There are patches of ground showing through the snow. Can it be that spring is stirring?
I drafted a full chapter of “Taming Dylan” yesterday–I’ll polish it today and go on to write Chapter Two. I am already LOVING this book. Getting CHAPTER ONE done is usually a big challenge for me, because everyone has to be on stage, and there are a lot of things to juggle. I guess because “Taming Dylan” takes up where “Logan’s Return” leaves off–in fact, there’s a slight overlap of time–it feels like a continuation of the first story. And, of course, that’s exactly what it is. The Montana Creeds series is really one long book.
At personal appearances, I always get a lot of questions about how I work. (For those of you who live in the Spokane area, I’ll be at Auntie’s Book Store tonight at 7:30–we’re gathering in the coffee shop.) My method is a long, involved subject, but basically, I sit down at my computer, say a little prayer, and open up whatever I wrote the day before. I go through that, making adjustments as I go along, noting potential problems or loose ends, often writing down the name of a secondary character or an animal so I won’t forget it. Then I start the new chapter, and that’s where the magic happens: everything around me dissolves, and I am INSIDE the story, with the characters. It’s rather like virtual reality–I can move among them, observe them, listen to what they say to each other and themselves. It is all so real to me that I have to resurface for breaks–every thousand words or so–but I don’t always come up for air. Or lunch. I write fast–a legacy of serving an apprenticeship in the ‘categories’–shorter books that are part of lines like Silhoutte’s Special Editions–in the old days, I had to produce quickly to make a living, since the advances were relatively low. And now it’s a habit, one I wouldn’t want to break! (In the words of poor Anna Nicole Smith, it’s expensive being me.)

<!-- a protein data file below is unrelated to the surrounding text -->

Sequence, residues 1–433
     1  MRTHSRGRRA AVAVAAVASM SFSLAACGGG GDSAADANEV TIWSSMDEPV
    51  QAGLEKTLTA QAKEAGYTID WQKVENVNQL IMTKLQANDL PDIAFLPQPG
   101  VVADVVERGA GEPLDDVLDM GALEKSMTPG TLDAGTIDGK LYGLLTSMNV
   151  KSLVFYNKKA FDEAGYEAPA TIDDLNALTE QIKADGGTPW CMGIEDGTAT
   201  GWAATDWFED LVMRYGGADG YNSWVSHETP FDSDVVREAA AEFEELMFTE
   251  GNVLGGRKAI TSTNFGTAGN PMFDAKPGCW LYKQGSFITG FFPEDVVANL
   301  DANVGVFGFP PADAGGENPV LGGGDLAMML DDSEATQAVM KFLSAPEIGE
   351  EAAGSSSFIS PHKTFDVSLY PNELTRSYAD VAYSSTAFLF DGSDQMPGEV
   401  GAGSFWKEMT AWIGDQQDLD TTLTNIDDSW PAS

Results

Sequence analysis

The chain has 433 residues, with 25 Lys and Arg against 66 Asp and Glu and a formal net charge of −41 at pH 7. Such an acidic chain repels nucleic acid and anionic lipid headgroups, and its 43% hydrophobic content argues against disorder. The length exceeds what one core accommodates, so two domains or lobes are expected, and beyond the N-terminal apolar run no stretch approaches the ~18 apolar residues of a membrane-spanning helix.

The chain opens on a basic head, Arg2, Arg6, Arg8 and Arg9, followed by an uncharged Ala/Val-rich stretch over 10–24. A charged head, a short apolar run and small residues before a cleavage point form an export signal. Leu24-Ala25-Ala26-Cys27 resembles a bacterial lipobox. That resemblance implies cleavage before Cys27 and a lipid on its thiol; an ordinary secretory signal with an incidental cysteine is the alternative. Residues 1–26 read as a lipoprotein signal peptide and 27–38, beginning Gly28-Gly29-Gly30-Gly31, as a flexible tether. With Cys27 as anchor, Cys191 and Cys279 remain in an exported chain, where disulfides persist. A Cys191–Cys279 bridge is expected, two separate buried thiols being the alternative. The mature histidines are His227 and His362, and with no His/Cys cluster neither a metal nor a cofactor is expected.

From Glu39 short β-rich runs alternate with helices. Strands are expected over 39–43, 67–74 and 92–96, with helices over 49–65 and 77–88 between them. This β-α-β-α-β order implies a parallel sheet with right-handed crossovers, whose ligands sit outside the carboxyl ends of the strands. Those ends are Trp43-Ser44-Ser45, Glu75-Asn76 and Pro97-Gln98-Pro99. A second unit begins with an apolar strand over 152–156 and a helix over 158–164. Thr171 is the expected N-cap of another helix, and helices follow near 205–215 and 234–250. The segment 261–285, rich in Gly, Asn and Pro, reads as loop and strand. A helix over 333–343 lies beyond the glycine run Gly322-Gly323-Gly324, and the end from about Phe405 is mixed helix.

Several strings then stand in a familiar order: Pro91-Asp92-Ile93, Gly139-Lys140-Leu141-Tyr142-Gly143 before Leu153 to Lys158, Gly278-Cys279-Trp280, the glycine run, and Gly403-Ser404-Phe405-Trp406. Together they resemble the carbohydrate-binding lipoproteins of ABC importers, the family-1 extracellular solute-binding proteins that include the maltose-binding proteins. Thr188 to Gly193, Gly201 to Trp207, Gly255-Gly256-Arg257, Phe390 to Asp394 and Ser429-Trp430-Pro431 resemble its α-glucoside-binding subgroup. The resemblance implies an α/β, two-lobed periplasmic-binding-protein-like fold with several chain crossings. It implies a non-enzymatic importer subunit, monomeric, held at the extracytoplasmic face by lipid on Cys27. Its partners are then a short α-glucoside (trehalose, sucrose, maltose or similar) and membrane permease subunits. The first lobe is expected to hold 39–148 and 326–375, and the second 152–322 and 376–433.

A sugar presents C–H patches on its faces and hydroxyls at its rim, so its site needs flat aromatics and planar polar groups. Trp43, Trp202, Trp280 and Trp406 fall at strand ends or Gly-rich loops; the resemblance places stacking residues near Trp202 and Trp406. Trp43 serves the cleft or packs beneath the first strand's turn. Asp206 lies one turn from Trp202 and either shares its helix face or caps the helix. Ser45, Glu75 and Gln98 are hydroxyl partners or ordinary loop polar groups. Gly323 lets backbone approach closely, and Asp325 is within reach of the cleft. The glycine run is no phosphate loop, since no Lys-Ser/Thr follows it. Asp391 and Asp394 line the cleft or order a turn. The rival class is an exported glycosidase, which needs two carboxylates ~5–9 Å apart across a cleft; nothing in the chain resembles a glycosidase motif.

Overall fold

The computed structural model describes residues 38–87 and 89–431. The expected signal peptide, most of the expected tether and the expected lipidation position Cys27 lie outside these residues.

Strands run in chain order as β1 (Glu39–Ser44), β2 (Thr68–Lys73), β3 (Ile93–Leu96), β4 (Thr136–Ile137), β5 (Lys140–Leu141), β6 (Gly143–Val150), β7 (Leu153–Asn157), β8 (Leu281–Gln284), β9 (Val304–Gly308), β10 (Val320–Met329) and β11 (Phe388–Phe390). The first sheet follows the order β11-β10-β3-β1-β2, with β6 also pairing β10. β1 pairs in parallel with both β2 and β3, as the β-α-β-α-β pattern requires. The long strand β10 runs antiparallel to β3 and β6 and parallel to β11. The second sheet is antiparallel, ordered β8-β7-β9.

My daily quota, as I’ve probably mentioned before, is 5000 words. I write 5 days a week, 6 or 7 if I’m under a pressing deadline. Since the process is a 24/7 kind of thing, I’m always and forever making notes of ideas, insights about a character, scraps of dialogue, things like that. You might even see me at a slot machine, rummaging through my purse for a pen and a notepad!
I’m beginning to see my art work (artist trading cards, hereafter referred to as ATCs) as a dimension of my writing. When I’m working something through in my personal life, there is usually a parallel in the book I’m writing at the time. As with the Lincoln piece, which as I mentioned yesterday is a visual record of plotting the first Civil War book, and also a way of stimulating my imagination, the art is a record of the journey and, at the same time, part of the journey itself. I absolutely LOVE mixed media art–mine tends to be humorous, rather than edgy, but looking at other people’s work stimulates me, too. Even if it’s edgy. I pour over books like Lynne Perella’s “Beyond Art Dolls” and “Mixed Media Mosaics” by Laurie Mika. I adore Ann Baldwin’s collages. The more color and texture a piece has, the more interesting I find it. I’m also working on a tribute to my father, a way of working through the loss, I guess, and also honoring his memory. At some point, I hope to display some of my work on the website and join an ATC artist’s link online, so I can trade. There is some AMAZING stuff out there.
I’m adapting well to the Weight Watchers program. I’ll keep you posted on my progress. Next weigh-in is Thursday night. The thing I love about WW is that it really is a lifestyle, as the commercials say, and not a diet. I have to do some planning, but after that, I don’t have to think about food, and that is a plus.
How I do run on.
Thanks for showing up to “listen”.